Special note: We will be screening an extremely rare print which is faded and showing a moderate degree of wear and tear. These defects should not significantly disrupt your viewing pleasure.

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Friday July 14 at 7pm
Sunday July 16 at 4:30pm

La Marseillaise

Directed by Jean Renoir. With Pierre Renoir, Lise Delamare, William Aguet
France 1938, 35mm, b/w, 131 min. French with English subtitles

After the politics of La vie est à nous and the successes of The Lower Depths and Grand Illusion, expectations were high when Renoir announced that he was making an epic about the French Revolution. The ambitious plans for the film had to be downscaled due to budgetary constraints as production got underway. What was meant as a saga lasting several hours shrank significantly to cover the events of July 1792, when the title song came into being and when the events that would ultimately end the monarchy took place. In a perfect illustration of Renoir’s precept that “everyone has their reasons,” there are no villains. In fact, the depiction of Louis XVI as benevolent and charming astonished some of Renoir’s Popular Front friends. This Louis is no despot but another of those aristocrats—examples of whom also appear in Renoir’s successes mentioned earlier in this note—who greet the news that the end of their class has come with grace.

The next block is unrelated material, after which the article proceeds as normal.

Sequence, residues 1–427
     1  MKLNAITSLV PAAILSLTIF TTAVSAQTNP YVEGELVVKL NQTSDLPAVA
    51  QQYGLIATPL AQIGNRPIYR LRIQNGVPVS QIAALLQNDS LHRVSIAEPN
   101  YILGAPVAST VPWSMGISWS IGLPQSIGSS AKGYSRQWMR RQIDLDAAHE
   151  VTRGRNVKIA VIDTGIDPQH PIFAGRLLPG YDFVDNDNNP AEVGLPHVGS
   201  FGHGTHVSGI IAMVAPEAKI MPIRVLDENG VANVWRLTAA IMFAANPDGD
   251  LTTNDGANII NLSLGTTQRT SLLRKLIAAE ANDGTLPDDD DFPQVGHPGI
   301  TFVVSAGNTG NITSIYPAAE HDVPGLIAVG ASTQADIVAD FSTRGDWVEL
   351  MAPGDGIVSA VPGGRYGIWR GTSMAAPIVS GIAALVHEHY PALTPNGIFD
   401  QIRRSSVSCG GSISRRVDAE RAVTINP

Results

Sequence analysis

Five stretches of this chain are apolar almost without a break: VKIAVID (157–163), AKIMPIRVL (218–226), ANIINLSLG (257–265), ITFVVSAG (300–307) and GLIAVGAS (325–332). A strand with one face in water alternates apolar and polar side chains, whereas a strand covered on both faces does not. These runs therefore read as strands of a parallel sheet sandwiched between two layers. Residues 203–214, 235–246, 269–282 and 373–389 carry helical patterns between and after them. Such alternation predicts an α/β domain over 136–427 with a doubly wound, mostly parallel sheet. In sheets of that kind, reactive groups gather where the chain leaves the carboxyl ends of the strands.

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Saturday July 15 at 9pm

The Elusive Corporal
(Le Caporal épinglé)

Directed by Jean Renoir. With Jean-Pierre Cassel, Claude Brasseur, Claude Rich
France 1962, 35mm, b/w, 105 min. French & German with English subtitles

Renoir’s last feature film, The Elusive Corporal bears a superficial resemblance to Grand Illusion: it is about French soldiers attempting to escape from a German prison camp, but this time the setting is World War II. If Grand Illusion is about the death of the aristocracy, The Elusive Corporal is about a world without chivalry. Although Renoir decided that this was his saddest film, the episodic narrative mixes humor and drama, culminating in an ending not only leavened with moments of sacrifice and grace, but also some of the filmmaker’s joy in the Dionysian chaos at the heart of human existence. Print courtesy Institut Français.

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The originally scheduled film The Tournament has been cancelled.
Sunday July 16 at 4:30pm

La Marseillaise

Directed by Jean Renoir. With Pierre Renoir, Lise Delamare, William Aguet